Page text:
"would you have given me to the husband whom I am now sure that I hate?'..."
See in text (Book The Second - Reaping - Chapter XII - Down)
Louisa blames her father for her unhappy marriage (to a man she now realizes she hates) because of his rationalism-based childrearing philosophy. She now finds herself in love with another man but does not know what to do because she was not raised to cope with matters of the heart.
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"I am far from feeling convinced now, however differently I might have felt only this time yesterday, that I am fit for the trust you repose in me;..."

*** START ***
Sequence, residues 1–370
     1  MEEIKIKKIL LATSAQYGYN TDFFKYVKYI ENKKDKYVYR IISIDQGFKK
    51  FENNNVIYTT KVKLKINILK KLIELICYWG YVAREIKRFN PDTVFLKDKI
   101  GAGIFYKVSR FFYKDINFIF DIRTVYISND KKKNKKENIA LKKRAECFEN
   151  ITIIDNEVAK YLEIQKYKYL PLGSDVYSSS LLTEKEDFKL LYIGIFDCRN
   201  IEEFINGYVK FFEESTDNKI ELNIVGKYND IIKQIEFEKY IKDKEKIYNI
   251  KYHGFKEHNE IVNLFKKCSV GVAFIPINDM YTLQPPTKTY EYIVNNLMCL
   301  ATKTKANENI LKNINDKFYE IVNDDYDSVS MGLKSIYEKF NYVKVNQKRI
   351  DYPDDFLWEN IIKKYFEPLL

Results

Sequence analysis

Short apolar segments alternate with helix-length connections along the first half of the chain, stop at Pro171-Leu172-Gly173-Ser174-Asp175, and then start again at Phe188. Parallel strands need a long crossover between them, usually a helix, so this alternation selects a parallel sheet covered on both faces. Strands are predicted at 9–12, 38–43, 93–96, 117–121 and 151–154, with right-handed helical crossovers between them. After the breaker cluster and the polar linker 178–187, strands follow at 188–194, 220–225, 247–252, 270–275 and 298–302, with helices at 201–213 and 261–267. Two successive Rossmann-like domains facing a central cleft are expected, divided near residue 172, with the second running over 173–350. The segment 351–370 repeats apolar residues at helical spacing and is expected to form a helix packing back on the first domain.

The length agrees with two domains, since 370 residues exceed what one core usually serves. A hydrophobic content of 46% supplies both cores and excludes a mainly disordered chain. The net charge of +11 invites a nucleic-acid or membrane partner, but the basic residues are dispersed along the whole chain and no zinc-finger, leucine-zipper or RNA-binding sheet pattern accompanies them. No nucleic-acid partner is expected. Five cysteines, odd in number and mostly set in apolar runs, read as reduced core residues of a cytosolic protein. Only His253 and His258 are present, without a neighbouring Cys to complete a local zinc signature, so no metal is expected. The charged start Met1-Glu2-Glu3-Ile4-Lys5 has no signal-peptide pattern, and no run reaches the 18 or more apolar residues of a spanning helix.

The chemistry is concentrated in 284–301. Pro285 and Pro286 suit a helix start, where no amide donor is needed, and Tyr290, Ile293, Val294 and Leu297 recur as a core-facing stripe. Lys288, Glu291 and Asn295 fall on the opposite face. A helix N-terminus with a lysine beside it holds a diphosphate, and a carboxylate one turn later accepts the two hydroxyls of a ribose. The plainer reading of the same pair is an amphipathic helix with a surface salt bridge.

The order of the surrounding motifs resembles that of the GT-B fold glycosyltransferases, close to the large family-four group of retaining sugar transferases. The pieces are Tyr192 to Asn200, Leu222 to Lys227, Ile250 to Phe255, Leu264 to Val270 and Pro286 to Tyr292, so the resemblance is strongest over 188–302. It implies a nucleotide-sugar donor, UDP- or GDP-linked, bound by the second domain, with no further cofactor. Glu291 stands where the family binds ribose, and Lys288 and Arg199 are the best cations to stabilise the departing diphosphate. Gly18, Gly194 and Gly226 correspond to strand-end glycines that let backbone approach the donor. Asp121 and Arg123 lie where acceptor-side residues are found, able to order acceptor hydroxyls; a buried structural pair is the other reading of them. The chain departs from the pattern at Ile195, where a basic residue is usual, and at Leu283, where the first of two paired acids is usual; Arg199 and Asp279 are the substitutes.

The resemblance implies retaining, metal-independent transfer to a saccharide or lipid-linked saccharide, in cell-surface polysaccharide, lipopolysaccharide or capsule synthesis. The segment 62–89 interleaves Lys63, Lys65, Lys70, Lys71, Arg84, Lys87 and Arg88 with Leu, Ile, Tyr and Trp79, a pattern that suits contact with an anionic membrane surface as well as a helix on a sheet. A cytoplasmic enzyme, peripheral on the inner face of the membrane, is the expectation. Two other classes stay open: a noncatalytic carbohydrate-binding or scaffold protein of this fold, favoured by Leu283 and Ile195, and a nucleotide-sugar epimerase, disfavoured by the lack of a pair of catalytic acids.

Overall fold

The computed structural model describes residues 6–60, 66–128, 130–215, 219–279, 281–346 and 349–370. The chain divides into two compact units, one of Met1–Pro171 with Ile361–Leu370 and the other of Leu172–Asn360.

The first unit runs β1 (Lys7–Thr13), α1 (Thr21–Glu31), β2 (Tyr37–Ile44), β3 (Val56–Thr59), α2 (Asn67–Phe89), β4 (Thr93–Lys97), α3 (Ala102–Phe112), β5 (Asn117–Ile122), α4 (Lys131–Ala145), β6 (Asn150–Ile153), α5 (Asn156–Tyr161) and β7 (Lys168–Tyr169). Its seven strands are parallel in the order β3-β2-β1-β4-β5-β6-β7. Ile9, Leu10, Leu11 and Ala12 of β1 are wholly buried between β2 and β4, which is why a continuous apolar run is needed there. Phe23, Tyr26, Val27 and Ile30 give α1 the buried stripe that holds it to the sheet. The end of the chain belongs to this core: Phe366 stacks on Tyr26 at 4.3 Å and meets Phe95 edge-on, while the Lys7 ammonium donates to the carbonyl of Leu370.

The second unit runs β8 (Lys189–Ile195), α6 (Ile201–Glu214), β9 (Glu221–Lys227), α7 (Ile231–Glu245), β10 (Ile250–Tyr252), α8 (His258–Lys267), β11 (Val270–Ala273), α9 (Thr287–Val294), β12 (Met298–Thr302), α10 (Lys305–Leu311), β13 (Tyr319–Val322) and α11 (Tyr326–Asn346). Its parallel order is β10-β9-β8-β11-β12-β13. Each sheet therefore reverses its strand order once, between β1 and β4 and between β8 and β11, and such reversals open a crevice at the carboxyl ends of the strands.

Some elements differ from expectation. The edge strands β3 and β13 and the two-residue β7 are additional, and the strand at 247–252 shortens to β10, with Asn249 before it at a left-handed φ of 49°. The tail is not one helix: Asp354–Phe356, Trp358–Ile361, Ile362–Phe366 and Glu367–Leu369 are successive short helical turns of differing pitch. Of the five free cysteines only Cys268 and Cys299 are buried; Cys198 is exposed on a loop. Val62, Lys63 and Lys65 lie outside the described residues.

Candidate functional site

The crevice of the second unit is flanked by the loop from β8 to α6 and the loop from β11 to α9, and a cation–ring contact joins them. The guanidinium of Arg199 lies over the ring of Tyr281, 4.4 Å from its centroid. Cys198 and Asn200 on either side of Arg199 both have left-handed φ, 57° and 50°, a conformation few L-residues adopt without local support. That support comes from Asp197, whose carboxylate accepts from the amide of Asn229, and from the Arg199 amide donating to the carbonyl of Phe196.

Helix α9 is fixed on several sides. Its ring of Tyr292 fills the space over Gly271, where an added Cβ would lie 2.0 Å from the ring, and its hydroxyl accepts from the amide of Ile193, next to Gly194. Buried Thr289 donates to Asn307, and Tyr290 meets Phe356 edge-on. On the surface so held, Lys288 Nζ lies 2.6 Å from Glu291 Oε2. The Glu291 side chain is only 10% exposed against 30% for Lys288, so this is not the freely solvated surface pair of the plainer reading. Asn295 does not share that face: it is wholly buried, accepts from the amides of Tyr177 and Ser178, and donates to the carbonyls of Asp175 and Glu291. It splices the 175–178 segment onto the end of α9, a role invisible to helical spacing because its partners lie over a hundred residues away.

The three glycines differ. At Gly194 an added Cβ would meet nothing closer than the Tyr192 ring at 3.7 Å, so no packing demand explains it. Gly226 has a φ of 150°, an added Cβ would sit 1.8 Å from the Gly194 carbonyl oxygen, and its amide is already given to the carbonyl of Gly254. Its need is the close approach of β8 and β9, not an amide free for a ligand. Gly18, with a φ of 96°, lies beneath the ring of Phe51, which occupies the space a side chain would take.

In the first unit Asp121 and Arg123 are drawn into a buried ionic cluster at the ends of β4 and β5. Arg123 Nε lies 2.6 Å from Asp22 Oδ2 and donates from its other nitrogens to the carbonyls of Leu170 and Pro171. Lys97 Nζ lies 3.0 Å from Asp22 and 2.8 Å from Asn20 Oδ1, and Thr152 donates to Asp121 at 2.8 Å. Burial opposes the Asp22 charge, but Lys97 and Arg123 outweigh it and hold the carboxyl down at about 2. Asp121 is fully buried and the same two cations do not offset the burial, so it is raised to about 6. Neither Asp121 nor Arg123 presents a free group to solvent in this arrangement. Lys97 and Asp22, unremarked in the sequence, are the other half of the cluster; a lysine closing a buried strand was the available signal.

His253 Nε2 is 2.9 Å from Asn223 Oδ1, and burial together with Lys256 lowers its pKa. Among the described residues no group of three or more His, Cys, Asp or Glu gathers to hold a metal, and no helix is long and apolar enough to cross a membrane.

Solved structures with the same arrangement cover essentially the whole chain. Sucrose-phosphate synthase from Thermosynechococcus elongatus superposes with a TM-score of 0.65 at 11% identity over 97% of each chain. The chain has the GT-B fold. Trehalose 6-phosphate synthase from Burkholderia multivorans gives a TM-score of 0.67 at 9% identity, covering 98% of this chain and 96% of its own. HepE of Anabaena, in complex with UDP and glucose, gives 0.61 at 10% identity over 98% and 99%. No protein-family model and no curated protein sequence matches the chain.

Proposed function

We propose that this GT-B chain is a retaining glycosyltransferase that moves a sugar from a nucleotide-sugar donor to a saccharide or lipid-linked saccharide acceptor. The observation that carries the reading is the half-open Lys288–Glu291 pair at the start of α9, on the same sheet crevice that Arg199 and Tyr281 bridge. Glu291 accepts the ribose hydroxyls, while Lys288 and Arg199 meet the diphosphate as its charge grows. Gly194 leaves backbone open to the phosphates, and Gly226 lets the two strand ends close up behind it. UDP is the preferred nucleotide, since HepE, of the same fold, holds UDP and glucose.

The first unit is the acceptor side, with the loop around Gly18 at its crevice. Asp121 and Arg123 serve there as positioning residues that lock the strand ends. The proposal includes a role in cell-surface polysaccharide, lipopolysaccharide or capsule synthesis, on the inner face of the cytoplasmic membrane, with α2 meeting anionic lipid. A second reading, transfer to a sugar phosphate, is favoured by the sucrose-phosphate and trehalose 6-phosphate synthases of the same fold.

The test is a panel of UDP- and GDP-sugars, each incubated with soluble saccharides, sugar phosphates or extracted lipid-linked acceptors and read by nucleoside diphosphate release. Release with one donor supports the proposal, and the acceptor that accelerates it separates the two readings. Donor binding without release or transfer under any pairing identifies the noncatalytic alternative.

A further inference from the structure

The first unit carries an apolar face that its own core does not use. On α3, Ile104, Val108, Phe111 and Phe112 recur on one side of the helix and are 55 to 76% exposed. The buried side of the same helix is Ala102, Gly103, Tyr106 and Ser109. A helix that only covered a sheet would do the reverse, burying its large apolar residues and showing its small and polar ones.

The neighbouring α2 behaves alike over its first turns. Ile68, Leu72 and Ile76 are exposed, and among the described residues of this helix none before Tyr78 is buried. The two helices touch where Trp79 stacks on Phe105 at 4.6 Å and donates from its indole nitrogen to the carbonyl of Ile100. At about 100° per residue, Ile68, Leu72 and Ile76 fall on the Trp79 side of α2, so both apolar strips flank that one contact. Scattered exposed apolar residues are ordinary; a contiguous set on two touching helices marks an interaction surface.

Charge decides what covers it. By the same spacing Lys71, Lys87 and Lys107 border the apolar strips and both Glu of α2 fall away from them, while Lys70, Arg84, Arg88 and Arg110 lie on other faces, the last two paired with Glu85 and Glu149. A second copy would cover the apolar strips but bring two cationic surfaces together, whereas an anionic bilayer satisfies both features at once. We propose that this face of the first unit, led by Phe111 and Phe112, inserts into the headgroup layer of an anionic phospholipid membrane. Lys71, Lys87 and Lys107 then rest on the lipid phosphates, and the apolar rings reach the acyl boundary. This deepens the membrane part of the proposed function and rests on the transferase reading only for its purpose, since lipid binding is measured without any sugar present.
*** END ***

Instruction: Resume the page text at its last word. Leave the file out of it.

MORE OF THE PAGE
See in text (Book The Third - Garnering - Chapter I - Another Thing Needful)
Mr. Gradgrind finally recognizes the full extent of his daughter's misery. His teaching, which focused on facts and pragmatism, ultimately did great harm to Louisa: she is now in a failed, unhappy marriage and on the brink of ruining her good character. He considers himself unqualified to advise her, however, because he feels that he failed as a father.